The aim of this module is to extend your knowledge and understanding of CBT assessment and formulation and to examine CBT change methods in depth - as applied to anxiety presentations.
You may take the full module (PSYC6107) covering a full range of presentations, or the short module (PSYC6106) covering a limited range of presentations.
Aims and Objectives
Having successfully completed this module you will be able to:
- Demonstrate an ability to interrogate and critically appraise the evidence base – anxiety
- Demonstrate a systematic knowledge of CBT models for specific presentations - anxiety
- CBT assessment
- Different methods of formulation
- Treatment planning
- CBT structure
- CBT change techniques
- Principles of reflective practice
As applied to anxiety presentations: specific phobias, panic disorder, social anxiety disorder, obsessional compulsive disorder, post-traumatic stress disorder, generalised anxiety disorder, and health anxiety.
Learning and Teaching
Teaching and learning methods
Teaching and learning methods include lectures and workshops, which incorporate demonstrations, role-play, experiential learning and small group work. In addition, private study and assigned reading forms an important source of knowledge and understanding. We use a range of teaching and learning methods, and recognise that students have different preferred learning styles.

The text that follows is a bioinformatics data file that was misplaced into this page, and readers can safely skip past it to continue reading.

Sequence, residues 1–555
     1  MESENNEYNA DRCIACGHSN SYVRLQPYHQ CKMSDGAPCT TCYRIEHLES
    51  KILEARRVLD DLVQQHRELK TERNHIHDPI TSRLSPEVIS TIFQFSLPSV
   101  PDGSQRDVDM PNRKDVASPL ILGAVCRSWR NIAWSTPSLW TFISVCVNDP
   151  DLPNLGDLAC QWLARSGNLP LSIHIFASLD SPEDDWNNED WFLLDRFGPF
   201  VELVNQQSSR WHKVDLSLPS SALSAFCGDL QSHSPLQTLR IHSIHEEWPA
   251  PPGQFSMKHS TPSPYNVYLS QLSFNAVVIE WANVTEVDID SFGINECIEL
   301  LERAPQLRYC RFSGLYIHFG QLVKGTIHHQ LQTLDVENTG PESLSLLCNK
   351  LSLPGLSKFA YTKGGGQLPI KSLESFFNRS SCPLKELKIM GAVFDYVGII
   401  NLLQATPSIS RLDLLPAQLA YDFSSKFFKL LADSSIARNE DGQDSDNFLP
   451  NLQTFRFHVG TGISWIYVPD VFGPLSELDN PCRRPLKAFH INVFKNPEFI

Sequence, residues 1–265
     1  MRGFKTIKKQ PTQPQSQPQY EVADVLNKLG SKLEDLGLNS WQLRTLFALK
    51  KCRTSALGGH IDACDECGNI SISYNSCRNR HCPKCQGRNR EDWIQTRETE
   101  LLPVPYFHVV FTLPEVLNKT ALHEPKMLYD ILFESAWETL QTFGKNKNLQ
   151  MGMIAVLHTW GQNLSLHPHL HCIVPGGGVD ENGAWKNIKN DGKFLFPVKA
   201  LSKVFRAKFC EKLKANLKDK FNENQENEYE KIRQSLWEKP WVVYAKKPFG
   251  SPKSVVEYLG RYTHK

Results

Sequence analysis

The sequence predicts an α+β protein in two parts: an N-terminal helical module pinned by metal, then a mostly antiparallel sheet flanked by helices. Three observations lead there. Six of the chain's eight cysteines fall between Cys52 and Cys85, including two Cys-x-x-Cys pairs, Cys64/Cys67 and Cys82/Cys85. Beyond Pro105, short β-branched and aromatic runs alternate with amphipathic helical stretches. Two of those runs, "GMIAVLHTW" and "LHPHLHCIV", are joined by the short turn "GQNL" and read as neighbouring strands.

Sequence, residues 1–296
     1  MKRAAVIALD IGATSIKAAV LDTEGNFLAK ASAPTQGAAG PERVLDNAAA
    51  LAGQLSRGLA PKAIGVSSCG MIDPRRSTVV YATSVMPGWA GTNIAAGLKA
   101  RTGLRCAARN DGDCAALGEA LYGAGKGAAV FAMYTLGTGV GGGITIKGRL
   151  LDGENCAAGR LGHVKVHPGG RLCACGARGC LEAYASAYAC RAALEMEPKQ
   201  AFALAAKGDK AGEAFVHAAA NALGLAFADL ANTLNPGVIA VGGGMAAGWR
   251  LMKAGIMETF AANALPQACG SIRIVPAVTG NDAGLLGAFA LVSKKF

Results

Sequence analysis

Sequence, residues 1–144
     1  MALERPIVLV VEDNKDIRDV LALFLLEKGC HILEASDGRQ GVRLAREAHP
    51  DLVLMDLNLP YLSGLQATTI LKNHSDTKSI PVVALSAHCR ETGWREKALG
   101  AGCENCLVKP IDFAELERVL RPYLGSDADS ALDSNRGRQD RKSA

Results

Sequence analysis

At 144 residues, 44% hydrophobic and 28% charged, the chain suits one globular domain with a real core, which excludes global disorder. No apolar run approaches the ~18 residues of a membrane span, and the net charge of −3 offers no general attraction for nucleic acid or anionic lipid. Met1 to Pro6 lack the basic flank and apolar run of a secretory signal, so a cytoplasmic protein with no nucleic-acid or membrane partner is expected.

|Total study time||200|
Resources & Reading list
Bennett-Levy, J., Butler, G., Fennell, M. & Hackmann, A. (2004). Oxford guide to behavioural experiments in cognitive therapy. Oxford:: OUP.
Craske, M.G. & Barlow, D.H. (2007). Mastery of your anxiety and panic. (Therapist guide). Oxford: Oxford University Press.
Butler, G., Fennell, M. & Hackmann, A. (2008). Cognitive-behavioural therapy for anxiety disorders. New York: Guilford Press.
Wells, A. (1997). Cognitive therapy of anxiety disorders: A practice manual and conceptual guide. Chichester: Wiley.
Robichaud, M. Koerner, N. & Dugas, M. J. (2019). Cognitive behavioral treatment for generalized anxiety disorder: From science to practice. London: Routledge.
Zinbarg, R.E., Craske, M.G. & Barlow, D.H. (2006). Mastery of your anxiety and worry. Oxford: OUP.
Knowledge and skills will be assessed by a range of methods, including essays, presentations, experiential work, therapy recordings, case reports and supervisor reports. University assessors are responsible for marking all summative assessments. University assessors include academic members of the CBT team as well as CBT practitioners who have been approved by the University.
This is how we’ll formally assess what you have learned in this module.
This is how we’ll assess you if you don’t meet the criteria to pass this module.
Repeat type: Internal